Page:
Richard Gere stars a corrupt businessman in the new thriller "Arbitrage," a film ripped from today's headlines. Entertainment Weekly's Owen Gleiberman filed the following review for NY1.
In the tasty new financial thriller Arbitrage, Richard Gere is Robert Miller, an investment titan who’s standing at the precipice, though almost no one knows it.
Gere, playing this silver fox, has never been more likable or alive on screen. And that works for the movie in a fascinating way, since the man he’s portraying is a world-class sleazebag. He lies and sleeps around. He commits fraud. He slinks away from a car accident that was his fault. The film makes no apologies for any of this behavior.
Yet the whole time, we’re torn between wanting to see justice done and wanting to see him get away with it. That, as Hitchcock knew, is how a true thriller works: It creates moral urgency by making the audience complicit in what it knows is wrong.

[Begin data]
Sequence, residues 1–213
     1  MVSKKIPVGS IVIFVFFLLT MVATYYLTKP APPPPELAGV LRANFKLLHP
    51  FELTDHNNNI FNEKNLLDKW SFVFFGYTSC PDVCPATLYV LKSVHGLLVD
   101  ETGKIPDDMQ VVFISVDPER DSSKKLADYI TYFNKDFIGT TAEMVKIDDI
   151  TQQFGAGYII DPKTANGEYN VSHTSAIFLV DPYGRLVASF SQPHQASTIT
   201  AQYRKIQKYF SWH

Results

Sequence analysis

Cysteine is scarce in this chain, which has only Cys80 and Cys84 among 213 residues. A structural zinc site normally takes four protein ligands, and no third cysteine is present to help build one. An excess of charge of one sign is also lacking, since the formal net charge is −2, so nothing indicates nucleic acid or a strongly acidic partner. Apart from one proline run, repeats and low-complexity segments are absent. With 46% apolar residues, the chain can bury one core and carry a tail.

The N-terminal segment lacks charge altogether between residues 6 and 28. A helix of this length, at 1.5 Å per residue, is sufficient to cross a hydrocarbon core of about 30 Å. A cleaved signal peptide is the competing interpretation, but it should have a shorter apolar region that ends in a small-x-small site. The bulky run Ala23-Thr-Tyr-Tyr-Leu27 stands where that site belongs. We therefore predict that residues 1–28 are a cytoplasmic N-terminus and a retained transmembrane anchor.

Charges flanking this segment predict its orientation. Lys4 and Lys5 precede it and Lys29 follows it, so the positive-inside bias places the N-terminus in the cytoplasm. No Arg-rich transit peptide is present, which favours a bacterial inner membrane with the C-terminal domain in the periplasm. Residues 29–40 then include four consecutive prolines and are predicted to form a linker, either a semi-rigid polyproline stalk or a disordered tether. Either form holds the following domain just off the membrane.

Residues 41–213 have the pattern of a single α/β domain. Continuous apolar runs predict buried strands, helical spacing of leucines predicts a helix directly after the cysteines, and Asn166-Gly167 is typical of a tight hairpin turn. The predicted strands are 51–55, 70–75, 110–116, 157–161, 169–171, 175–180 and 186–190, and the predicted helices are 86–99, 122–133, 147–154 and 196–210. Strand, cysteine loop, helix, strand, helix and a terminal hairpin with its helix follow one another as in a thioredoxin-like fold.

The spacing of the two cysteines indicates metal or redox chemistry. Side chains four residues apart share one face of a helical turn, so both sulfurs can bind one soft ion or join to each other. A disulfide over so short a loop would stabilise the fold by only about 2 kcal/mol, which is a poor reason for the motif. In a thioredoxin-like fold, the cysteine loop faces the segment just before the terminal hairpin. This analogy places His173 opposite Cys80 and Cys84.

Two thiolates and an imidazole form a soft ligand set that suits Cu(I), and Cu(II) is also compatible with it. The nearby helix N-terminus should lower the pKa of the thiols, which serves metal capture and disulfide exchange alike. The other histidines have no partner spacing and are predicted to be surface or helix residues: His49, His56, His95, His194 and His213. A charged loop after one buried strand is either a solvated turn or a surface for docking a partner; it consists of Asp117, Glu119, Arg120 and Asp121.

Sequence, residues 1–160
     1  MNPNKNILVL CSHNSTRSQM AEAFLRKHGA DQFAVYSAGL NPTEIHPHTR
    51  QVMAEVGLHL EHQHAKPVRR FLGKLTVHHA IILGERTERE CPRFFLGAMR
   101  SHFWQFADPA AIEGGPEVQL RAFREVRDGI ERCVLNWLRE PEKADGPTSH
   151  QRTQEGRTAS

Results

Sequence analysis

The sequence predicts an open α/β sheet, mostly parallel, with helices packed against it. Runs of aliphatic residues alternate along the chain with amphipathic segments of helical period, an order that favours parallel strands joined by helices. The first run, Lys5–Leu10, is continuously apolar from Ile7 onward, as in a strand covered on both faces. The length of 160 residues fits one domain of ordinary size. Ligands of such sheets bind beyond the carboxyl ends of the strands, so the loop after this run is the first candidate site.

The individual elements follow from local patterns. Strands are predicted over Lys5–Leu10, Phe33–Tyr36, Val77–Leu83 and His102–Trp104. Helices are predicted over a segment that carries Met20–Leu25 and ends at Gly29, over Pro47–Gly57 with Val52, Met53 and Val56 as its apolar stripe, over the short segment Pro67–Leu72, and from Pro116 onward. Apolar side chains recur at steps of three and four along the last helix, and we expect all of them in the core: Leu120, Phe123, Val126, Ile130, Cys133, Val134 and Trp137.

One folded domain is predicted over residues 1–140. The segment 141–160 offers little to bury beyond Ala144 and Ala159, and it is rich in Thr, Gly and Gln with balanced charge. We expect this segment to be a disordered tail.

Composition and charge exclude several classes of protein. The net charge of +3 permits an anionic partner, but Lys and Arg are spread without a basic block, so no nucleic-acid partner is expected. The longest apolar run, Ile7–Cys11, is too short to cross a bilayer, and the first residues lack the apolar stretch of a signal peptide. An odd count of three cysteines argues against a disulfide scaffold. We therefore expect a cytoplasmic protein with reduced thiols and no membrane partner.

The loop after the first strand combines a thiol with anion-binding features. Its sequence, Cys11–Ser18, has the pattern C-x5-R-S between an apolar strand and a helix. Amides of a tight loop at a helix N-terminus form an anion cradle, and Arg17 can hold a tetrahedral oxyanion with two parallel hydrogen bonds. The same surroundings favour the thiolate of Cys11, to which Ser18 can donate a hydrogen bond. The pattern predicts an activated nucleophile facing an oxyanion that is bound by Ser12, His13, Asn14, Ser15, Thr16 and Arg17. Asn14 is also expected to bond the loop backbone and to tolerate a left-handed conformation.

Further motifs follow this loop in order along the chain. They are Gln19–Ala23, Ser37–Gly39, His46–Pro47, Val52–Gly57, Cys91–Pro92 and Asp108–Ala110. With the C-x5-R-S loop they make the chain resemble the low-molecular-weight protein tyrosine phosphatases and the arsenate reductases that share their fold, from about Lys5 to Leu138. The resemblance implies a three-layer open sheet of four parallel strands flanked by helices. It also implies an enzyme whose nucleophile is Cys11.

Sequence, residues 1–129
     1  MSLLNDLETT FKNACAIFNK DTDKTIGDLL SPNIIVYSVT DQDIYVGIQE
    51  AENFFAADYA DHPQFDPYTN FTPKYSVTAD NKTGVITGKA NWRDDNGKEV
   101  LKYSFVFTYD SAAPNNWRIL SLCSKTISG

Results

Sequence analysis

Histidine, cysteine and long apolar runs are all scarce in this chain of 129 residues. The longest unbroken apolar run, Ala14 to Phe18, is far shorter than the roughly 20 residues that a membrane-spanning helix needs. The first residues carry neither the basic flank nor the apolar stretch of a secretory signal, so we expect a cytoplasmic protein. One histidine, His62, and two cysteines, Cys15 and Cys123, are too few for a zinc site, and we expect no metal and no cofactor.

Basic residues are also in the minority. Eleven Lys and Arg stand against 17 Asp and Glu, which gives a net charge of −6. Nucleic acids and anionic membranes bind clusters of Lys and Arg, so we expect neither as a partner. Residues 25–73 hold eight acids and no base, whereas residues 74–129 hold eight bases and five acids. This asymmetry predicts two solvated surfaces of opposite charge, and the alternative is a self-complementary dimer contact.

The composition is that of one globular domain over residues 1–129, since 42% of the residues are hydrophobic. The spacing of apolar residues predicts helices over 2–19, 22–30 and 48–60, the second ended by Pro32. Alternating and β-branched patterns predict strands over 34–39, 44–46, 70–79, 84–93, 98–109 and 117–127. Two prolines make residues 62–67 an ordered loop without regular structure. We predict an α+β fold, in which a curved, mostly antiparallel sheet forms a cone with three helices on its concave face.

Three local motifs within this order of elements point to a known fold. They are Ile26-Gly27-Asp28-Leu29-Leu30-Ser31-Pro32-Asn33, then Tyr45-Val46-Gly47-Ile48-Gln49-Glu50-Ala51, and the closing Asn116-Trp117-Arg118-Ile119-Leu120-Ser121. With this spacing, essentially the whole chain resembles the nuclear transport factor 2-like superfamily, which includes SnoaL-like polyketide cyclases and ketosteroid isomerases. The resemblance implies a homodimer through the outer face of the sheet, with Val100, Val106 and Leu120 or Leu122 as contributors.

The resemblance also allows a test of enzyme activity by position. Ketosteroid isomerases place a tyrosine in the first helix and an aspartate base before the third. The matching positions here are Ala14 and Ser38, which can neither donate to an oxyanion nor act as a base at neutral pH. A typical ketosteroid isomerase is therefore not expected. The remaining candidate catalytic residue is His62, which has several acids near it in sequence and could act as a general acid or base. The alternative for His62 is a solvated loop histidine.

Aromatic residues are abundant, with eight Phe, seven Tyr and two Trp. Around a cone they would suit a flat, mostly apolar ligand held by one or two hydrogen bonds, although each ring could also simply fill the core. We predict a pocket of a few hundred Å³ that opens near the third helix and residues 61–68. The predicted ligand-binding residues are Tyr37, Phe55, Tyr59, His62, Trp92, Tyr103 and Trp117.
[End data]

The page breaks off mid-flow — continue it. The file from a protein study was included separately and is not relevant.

Arbitrage has some of the stomach-churning, high-finance vertigo that last year’s Margin Call did, as Miller tries to sell off his company by hiding a $400 million hole in its assets. Just as we’re settling into the enjoyment of watching Richard Gere act silky-smooth on the surface even as he telegraphs the jangled nerves he’s concealing, we learn that he’s got other, trashier problems, like a high-maintenance mistress who throws fits if he’s 15 minutes late and then that car accident, which he tries to cover up.
The fact that Arbitrage isn’t all high-end jargon and numbers-crunching may make it seem less insidery than Margin Call but the theme of dirty money is just as rich. Tim Roth is tensely funny as a cop who keeps showing up like a pesky mutt and Susan Sarandon, Nate Parker and even Graydon Carter make the most of well-etched roles.
This is Nicholas Jarecki’s first film as a director but it’s already clear that he has the talent to make shrewdly pleasurable Hollywood movies. Here’s hoping Arbitrage is the first of many.